Economic, Social, Governance Forces: Trends in CO2 Reductions in Power Plants, Despite Policy Shifts from Trump, Some United States and European Comparisons
Politics and the popular press rely on slogans and generalizations. One popular international viewpoint is that the United States has moved away from commitments to reduce carbon emissions. This is understandable in light of certain policy statements from the Trump administration, such as pulling out of the Paris accords and rescission of the Clean Power Plan, and other environmental regulations applicable in the United States.
Nevertheless, the United States continues to rapidly move from electricity generation from coal. Over all, the United States has and continues to reduce carbon in carbon emissions. This result is counter to the expectations for a complex set of reasons. However, with regard to use of coal for electricity generation, there are several identifiable factors. Some of these are: overabundance of natural gas production and record low natural gas prices relative to coal; corporate acceptance of “sustainability” as a corporate and social value; regional policies in different states in the United States on electricity pricing; local and federal subsidies for renewables; and state renewable energy portfolio standards. (Slide 3)
Record Low Natural Gas Prices.
The well-known fracking revolution has resulted in the United States being one of the world’s oil natural gas producers. This oversupply of natural gas has driven natural gas to record low prices, to such a point that gas-based generation of natural gas is competitive and sometimes cheaper than coal. (Slide 16) By 2050, electricity from natural gas will double the amount produced from coal. (Slide 35) While coal prices remain the same, several existing environmental regulations continue to impose large compliance costs for air emissions, such as emission of sulfur oxides, nitrogen oxides, and mercury. For instance, as shown in Slide 20, the recent regulation of mercury emission alone has imposed costs which caused the shutdown of thousands of megawatts in coal-fired power plants. Also, recent EPA regulations on coal ash disposal and wastewater discharge present economic challenges to coal plants. Despite the election of President Trump, only a few of these requirements have been changed.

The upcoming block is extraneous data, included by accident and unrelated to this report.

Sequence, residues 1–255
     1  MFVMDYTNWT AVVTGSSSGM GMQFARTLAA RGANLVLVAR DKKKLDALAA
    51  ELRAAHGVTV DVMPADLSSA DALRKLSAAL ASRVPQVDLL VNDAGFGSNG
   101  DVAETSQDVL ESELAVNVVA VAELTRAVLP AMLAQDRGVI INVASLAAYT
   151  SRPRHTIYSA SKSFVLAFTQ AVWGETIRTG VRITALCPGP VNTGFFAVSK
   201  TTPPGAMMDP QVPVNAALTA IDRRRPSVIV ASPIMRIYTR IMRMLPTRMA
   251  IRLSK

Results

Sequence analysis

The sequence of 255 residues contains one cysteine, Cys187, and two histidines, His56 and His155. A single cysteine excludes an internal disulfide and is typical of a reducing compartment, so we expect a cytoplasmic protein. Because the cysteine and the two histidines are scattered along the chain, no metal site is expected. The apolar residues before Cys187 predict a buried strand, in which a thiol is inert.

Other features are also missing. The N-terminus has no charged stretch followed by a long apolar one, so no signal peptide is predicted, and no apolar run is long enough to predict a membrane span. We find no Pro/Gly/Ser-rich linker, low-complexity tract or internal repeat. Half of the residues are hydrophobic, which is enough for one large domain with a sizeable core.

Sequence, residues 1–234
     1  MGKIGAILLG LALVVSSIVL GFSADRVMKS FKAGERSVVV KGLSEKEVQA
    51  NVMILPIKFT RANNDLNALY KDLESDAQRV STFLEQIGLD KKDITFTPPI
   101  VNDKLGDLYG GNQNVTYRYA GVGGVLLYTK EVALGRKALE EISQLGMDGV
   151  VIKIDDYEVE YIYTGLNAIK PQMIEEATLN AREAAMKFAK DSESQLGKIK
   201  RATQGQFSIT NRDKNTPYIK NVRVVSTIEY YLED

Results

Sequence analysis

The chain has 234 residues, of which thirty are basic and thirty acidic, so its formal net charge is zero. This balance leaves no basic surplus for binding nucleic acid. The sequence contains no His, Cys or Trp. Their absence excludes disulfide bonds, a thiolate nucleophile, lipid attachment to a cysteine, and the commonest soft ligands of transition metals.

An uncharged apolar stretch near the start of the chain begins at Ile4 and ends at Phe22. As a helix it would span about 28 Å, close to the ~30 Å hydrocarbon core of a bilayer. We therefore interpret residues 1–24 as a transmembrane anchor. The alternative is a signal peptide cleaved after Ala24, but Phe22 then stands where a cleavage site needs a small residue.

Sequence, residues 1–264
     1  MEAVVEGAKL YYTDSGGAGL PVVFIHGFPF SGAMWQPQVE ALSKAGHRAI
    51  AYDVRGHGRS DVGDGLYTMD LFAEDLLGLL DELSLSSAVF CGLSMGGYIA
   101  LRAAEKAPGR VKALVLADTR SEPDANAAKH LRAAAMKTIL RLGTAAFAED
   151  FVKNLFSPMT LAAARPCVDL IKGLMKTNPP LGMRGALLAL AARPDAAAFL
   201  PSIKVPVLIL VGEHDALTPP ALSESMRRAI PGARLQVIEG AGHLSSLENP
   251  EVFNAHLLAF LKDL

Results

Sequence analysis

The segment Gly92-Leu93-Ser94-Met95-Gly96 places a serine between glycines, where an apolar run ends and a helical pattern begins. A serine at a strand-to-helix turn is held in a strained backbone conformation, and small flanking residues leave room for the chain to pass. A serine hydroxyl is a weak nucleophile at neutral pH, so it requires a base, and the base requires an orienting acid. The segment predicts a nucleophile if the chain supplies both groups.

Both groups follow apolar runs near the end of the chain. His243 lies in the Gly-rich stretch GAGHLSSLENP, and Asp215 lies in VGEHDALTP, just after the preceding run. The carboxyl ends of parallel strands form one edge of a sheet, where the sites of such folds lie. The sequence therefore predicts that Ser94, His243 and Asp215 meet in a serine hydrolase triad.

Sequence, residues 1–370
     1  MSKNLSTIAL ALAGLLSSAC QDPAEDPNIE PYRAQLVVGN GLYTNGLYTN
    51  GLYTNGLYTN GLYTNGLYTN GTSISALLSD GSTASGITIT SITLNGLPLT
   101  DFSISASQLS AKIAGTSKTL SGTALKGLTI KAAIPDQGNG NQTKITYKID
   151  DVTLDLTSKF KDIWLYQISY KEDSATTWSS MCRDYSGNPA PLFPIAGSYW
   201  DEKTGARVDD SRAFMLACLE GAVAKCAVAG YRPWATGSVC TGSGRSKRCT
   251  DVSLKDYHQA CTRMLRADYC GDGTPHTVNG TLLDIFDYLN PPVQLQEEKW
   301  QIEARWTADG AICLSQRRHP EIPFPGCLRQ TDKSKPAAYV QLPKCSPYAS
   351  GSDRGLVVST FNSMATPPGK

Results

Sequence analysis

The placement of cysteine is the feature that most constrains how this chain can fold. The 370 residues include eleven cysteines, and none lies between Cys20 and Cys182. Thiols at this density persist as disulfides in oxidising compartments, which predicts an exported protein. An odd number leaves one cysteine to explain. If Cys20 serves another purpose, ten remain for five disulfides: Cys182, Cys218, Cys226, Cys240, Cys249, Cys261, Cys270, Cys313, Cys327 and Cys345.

Various state policies on the consumer price of electricity have made it uneconomical to sustain coal generation in some states. For instance, Slide 20 shows which states regulate electricity prices based on market forces, rather than state-set (regulated) prices. Some states allow electric companies to charge electric rates which are sufficient to guarantee a power company to earn a fair rate of return on all capital costs. These states allow a power company to pass charges for pollution control to the end user. Other states require electricity prices to be based on the cost of the lowest producer. In these states, coal-powered plants are unable to compete with low priced natural gas plants.
Of course the ability of any power company to pass true charges to its customers is based on many forces, such as subsidies (in the case of solar and wind), local taxes, transportation, labor, maintenance, and other costs; but the effect of low natural gas prices in the U.S. is one of the key factors resulting in coal plant closures and reduction of CO2 in the United States.
Corporate Policies on Sustainability.